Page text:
Georgia Wildlife Resources Division
2070 U.S. Hwy. 278, SE, Social Circle, GA 30025
Bald eagle populations have soared to new highs in Georgia.
According to preliminary results, Georgia Department of Natural Resources aerial surveys in January and March documented 188 occupied nesting territories, 148 successful nests and 235 young fledged.
Those are the largest totals recorded for each category in decades. Some 40 years ago, this iconic raptor – symbol of the U.S. – had been nearly extirpated across much of its historic range.
Bald eagle nests numbered in the single digits in Georgia when survey leader Jim Ozier started monitoring them almost three decades ago. While nesting has steadily increased since, “We hit the grand slam this year,” said Ozier, a Nongame Conservation Section program manager with the DNR’s Wildlife Resources Division.
2014 totals easily passed last year’s 171 nesting territories, 130 successful nests and 195 eaglets fledged.
Fittingly, the rebound of bald eagles is powered in part by Georgians who support the Georgia Nongame Wildlife Conservation Fund through buying or renewing a wildlife license plate – the bald eagle or ruby-throated hummingbird designs. A share of funding from the plates benefits bald eagles and the more than 1,000 other Georgia plant and animal species listed as species of conservation concern.
And starting July 1, a law change approved this year will roll back the price of wildlife plates – including the bobwhite and trout tags – to $25. More than 75 percent of purchase and annual renewal fees will be devoted to the wildlife programs that depend on them. The fee structure applies to all DNR plates, including the flying eagle design introduced with new trout and quail plate images in 2013.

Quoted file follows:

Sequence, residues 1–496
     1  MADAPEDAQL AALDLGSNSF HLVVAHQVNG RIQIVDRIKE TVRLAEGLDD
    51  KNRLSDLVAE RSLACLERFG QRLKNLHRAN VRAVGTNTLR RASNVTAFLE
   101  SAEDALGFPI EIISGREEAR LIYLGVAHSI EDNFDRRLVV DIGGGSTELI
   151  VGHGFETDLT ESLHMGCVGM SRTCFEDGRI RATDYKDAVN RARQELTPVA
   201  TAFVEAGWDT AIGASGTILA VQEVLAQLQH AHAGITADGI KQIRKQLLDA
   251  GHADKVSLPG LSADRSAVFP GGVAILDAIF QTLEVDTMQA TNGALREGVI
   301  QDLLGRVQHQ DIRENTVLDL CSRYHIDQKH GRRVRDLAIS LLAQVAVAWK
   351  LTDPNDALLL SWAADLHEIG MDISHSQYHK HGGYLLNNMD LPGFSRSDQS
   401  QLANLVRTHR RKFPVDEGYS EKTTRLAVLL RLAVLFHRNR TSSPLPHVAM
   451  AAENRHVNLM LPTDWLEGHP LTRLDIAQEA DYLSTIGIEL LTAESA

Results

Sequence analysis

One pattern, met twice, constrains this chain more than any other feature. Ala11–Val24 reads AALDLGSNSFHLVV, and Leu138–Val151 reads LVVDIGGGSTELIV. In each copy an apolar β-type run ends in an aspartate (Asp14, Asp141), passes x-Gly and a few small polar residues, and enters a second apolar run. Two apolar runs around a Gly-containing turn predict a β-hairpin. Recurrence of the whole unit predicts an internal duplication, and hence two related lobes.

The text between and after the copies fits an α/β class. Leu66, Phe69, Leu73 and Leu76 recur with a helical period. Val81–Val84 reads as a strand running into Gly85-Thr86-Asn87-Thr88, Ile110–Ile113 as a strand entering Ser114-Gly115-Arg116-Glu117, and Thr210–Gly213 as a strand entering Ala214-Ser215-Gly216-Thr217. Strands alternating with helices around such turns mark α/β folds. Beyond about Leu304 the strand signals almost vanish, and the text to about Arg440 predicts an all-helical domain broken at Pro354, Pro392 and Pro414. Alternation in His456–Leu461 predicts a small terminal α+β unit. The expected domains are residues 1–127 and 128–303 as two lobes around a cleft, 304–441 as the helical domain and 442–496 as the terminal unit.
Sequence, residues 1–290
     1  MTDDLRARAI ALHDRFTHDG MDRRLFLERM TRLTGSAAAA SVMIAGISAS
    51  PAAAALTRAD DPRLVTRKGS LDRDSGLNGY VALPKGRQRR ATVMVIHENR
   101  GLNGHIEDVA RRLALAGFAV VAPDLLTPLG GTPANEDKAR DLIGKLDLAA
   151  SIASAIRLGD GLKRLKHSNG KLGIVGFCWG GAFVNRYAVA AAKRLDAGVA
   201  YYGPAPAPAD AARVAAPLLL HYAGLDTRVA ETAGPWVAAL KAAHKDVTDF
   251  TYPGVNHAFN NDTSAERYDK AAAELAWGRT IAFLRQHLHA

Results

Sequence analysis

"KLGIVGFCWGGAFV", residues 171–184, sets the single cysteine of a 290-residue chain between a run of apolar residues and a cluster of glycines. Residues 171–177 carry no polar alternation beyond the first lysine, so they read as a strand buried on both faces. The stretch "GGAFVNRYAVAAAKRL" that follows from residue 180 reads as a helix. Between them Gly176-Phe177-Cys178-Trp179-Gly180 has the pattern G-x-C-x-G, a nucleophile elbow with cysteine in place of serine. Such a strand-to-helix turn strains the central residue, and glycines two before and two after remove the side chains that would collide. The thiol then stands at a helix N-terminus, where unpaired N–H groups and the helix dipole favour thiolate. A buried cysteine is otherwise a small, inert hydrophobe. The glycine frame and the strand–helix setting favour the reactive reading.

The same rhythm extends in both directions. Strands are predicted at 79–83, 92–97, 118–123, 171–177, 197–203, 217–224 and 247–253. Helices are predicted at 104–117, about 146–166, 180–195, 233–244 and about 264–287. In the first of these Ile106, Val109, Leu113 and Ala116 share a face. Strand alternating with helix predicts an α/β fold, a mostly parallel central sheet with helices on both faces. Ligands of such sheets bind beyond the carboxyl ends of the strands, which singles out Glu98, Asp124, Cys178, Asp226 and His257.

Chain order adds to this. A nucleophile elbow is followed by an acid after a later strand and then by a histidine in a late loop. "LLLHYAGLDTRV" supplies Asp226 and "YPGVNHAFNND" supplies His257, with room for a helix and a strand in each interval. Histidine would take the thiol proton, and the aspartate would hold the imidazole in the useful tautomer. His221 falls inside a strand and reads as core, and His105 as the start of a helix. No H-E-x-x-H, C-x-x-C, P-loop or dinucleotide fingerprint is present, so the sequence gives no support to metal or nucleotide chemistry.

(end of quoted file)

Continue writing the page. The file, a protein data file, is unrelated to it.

Ozier said he continues to find eagle nests in new areas, including Sweetwater Creek State Park in Lithia Springs, McIntosh Reserve in Carroll County and Rocky Mountain Public Fishing Area near Berry College this year.
“They continue to select, and do well in, sites that I wouldn’t have considered suitable just a few years ago.”
Berry College has Georgia’s best-known eagle nest, thanks to the northwest Georgia college live-streaming nesting eagles at www.berry.edu/eaglecam. The camera, also shared at www.georgiawildlife.com/berryeaglecam, topped 15 million views this nesting season.
The public can let Ozier know about eagle nests they see by reporting them online (www.georgiawildlife.com/conservation/eaglenest) or by phone (478-994-1438). These reports often lead to nests not monitored before. DNR works with landowners to help protect eagle nests on their property.
Bald eagles are no longer listed under the U.S. Endangered Species Act, but they are protected by federal and state law.
Eagle surveys are part of the DNR Nongame Section’s mission to conserve nongame wildlife – native animals not legally hunted or fished for – and native plants and natural habitats. There are no state appropriations for this work. License plates and other fundraisers such as the Wildlife Conservation Fund income tax checkoff provide vital support.
Learn more at www.georgiawildlife.com/conservation/support. Also see how that support is put to work conserving wildlife, at www.georgiawildlife.com/conservation/AnnualReport.